First published online by Paul Harris.
In theory, Lena Dunham should be out of place amid all the glitz of tonight’s Emmy awards. As America’s television industry gathers to schmooze in downtown Los Angeles, this explorer of modern women’s mishaps, mistakes and neuroses should stick out like a sore thumb.
For Dunham, who at just 26 is already a household name among her own generation in America, has risen to fame with her painfully honest explorations of her own life. In her short videos, essays, a feature film and now the hit TV series Girls , Dunham has taken on awkward sex, job failures, losing your virginity, abortion and weight issues in ways both brave and shamelessly autobiographical.
While most TV, especially in America, is full of aspirational images of body types and careers, Dunham has tacked furiously in the opposite direction. This is especially true of Girls, which she writes, directs and stars in and which has scooped four Emmy nominations. It chronicles the painful comic adventures of four young women, fresh out of college, as they seek to find their way in New York. Her characters are flawed, their motives confused, their prospects limited.
With Dunham playing the lead of Hannah Horvath, the star of the show is not the blonde, thin archetypal female so common in TV land. Instead, it is Dunham’s own pale-skinned, brunette, imperfect, humanly flawed frame that is put on display.
It will be refreshing to see Dunham on the Emmys red carpet amid the nose jobs, high heels and exquisitely chiselled cheek bones. Whatever one thinks of her privileged New York background and whether she wins or loses an award, Dunham’s success represents a breath of fresh air.
In many ways, she is there not just for herself, but for the legions of women – and not a few men – who have become Girls fans. They revel in and relate to the characters’ tribulations, just as a previous generation (and a less fiscally troubled one) caught on to Sex and the City. Dunham once explained Hannah’s attraction: “She is real and complicated and weird and annoying… the reason she resonates with people is because she feels like a multidimensional woman. She looks like people they might know and she is behaving in ways we can all relate to.” So as Dunham laps up the plaudits at the Emmys, millions of her fans and viewers will – in some small way – feel they, too, are at last being recognised.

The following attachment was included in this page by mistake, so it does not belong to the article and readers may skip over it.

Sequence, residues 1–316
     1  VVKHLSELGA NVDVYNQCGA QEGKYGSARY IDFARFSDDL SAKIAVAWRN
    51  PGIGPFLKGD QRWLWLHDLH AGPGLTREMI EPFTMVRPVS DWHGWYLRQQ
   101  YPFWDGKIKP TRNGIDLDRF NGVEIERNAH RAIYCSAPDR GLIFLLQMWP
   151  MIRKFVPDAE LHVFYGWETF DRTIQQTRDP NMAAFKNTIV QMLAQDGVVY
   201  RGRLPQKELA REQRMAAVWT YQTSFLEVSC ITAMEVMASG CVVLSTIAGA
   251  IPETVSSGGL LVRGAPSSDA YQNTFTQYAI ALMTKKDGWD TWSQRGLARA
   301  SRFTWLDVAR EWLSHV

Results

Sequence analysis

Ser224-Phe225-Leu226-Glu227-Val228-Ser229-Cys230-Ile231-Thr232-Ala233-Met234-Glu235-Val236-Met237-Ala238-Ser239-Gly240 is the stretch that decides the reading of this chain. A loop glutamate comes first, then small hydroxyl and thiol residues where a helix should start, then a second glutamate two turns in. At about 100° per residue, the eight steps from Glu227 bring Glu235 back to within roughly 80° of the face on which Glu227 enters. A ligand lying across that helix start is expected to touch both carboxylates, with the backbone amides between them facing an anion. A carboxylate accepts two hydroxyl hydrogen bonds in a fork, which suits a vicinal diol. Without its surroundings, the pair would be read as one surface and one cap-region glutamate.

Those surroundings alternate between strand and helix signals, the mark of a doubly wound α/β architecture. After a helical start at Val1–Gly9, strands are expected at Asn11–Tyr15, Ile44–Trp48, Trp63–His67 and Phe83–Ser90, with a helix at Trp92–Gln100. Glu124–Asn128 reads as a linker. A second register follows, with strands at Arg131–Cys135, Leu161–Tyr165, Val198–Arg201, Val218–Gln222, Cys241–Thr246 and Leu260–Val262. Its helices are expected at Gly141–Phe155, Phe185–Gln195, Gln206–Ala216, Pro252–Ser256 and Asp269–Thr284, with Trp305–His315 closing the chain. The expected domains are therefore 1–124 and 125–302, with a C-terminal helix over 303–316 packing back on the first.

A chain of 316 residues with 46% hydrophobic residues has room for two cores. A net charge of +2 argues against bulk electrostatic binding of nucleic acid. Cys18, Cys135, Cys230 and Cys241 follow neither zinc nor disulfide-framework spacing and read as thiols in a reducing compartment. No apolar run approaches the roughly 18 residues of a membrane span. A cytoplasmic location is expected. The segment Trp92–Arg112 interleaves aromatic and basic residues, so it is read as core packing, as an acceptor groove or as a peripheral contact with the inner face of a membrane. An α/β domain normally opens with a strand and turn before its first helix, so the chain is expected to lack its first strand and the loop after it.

Yet Dunham is hardly the most obvious choice to step up for the unrepresented. After all, she was born into a life of artistic and material wealth in downtown Manhattan. If Lena as Hannah resonates because people feel they might know her, the chances of anyone outside a small New York social set knowing her for real are fairly small. Her mother is famed photographer Laurie Simmons and her father is the artist Carroll Dunham.
Dunham was born in New York on 13 May 1986 and grew up in a succession of loft apartments. First, the family lived on the lower reaches of Broadway, there then followed a brief sojourn in Brooklyn Heights, before returning to Manhattan and a huge, spacious loft in Tribeca, once a warehouse district but now home to a famous film festival, Hollywood stars and Wall Street bankers.
Dunham’s childhood, as described in numerous interviews, was not exactly normal and suburban. Her liberal parents took her to gallery openings and parties with their famous friends, where she mingled happily with artists, writers and critics. She went to elite Manhattan private schools of the sort designed to encourage wealthy children to express themselves rather than learn multiplication tables.
By the age of 12, Dunham found herself at the famed Saint Ann’s school where one of her babysitters was fashion designer Zac Posen and a classmate was art dealer Vito Schnabel. It was clear Dunham was not exactly a regular child or at least not regular for anyone outside her own world. She had been in therapy since the age of seven and at Saint Ann’s she wrote a play about waiting in an abortion clinic. Her Christmas present when she was 14 was a series of stand-up comedy lessons. (She used them and gave several shows in bars, with her mother acting as chaperone.)